Fwd: [PHP-DEV] [RFC] Object Initializer

  107073
September 13, 2019 10:15 arnold.adaniels.nl@gmail.com (Arnold Daniels)
> I don't like how it works for anonymous classes. It's more difficult to >> implement since the compiler doesn't know the meaning of the (first) >> bracket. It's doesn't make the code more readable, for the same reason. I >> think it's better to not support this syntax with anonymous classes. >> >> > Probably lexical scope for anon classes would be better here, but due to > fact that proposal is to > use initializer block instead of constructor arguments, that was the > reason why initializer block > got before anon class definitions. >
This adds a lot of complexity to the implementation for very little benefit, as the code (as presented for anonymous classes) is really confusing.
> >> The examples do not show how constructor arguments are passed. I'm >> assuming >> it's >> >> $customer = new Customer("foo") { >> name = "John" >> }; >> >> > The examples don't show that cause it's forbidden. > There is a note on that in RFC on purpose > > > Note! Object instantiation allows only constructors without required > arguments to be used. > > Any class which requires passing arguments to constructor cannot be used > in combination with object initializer. > > Using constructor arguments and object initializer would introduce noise > and you'll be potentially initializing object twice: > using object initializer block and using constructor args what may be > misleading. >
I don't see any technical limitation to justify this. $user = new User($organization) { name = "John Doe", email = "john@example.com", }; Is just equivalent to $user = new User($organization); $user->name = "John Doe"; $user->email = "john@example.com";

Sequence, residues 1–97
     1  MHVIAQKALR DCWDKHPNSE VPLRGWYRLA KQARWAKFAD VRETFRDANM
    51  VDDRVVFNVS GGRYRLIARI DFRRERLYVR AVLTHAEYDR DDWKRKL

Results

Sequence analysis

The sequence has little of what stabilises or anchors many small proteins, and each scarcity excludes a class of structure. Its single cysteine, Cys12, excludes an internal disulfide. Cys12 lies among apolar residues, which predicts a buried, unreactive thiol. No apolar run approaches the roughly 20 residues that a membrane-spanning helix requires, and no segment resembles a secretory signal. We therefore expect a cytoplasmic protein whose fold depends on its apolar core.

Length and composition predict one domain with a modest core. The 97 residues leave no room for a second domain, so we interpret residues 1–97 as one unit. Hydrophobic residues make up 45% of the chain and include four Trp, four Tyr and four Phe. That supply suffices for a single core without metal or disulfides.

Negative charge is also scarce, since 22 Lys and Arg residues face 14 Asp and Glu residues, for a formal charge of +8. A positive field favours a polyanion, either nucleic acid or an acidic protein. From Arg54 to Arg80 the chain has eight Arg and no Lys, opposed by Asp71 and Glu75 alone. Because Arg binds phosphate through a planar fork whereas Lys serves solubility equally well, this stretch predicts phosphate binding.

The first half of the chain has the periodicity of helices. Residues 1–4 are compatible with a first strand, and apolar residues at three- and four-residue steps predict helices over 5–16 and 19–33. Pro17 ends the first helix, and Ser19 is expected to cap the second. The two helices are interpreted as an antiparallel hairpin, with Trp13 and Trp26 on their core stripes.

> Setting the properties does not interfere with the constructor. This is also confirmed by
> constructors are called before initialization takes apart
You may use constructor argument `$organization` to setup the object. The initiate syntax isn't a replacement for the constructor, it's a replacement for setting properties after the object has been constructed.
> Ok, I will let Arnold reply to you on this if he feels that your reply did > not address his concerns. > > Omitting stdClass is outside the scope of the current RFC. I'm inclined not
to discuss it further or take it into consideration for this RFC. New RFC, new discussion. However, I do agree with Mike that using `=>` is more intuitive. It's not specific to array key pairs, because you only use that syntax at initialization of the array. $user = [ 'name' => "John Doe", 'email' => "john@example.com", ]; and $user = []; $user['name'] = "John Doe"; $user['email'] = "john@example.com"; The following feels similar $user = new User { name => "John Doe", email => "john@example.com", }; and $user = new User; $user->name = "John Doe"; $user->email = "john@example.com";